To the left you have compelled speech—
The woke generation with their cancel culture.
To the right you have censorship—
Fake news coverage from the state press secretary.
Freedom of expression à la carte,
Take your pick, oh by the way,
When you get to the turn, you can’t turn back!
So what will it be?
I hope you weren’t looking for transparency,
Because we’re fresh out!
But if you’re afraid, to take that progressive turn,
I recommend, you stay with your old PC speech.
By: ElRoy © 2020
“I plead with you to control your tempers, to put a smile upon your faces, which will erase anger; speak out with words of love and peace, appreciation, and respect. If you will do this, your lives will be without regret. Your marriages and family relationships will be preserved. You will be much happier. You will do greater good. You will feel a sense of peace that will be wonderful.” By: Gordon B. Hinckley
The real debate here is not about the principle of free speech, but the much grayer question of how we draw its boundaries. What kinds of speech should be morally out of bounds? What sorts of speakers should be excluded from major platforms? When can giving a platform to one kind of person actually make it harder for other people to speak their minds freely? Once we see that these are the issues we’re actually discussing, it becomes clear that “cancel culture” is not the existential threat to free expression it’s made out to be. “Drawing the lines of socially acceptable expression and determining appropriate responses to transgressing those norms.” That’s not a conflict over the principles of a free society but the rules that govern its operation in practice. Excerpt from The “free speech debate” isn’t really about free speech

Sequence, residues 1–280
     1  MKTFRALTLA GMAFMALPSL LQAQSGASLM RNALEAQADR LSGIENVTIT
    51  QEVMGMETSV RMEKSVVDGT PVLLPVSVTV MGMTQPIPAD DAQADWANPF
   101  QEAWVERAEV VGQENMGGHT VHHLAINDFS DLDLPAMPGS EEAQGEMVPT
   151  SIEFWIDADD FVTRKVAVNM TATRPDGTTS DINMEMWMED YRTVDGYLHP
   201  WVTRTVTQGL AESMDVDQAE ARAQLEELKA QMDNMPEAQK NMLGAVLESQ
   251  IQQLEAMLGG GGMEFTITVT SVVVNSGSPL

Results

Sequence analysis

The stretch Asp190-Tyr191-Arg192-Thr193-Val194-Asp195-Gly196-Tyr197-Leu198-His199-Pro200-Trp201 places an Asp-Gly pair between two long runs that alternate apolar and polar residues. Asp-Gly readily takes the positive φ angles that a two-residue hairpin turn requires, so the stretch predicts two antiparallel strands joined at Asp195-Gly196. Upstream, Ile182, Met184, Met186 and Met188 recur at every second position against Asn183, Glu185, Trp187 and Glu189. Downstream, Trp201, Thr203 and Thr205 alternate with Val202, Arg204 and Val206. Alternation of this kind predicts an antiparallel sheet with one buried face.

“Without the Free Press there is no Democracy. Without Democracy there is no Free Press.” By: A. Freeman
“The ideal subject of totalitarian rule is not the convinced Nazi or the convinced Communist, but people for whom the distinction between true and false no longer exists.” By: Hannah Arendt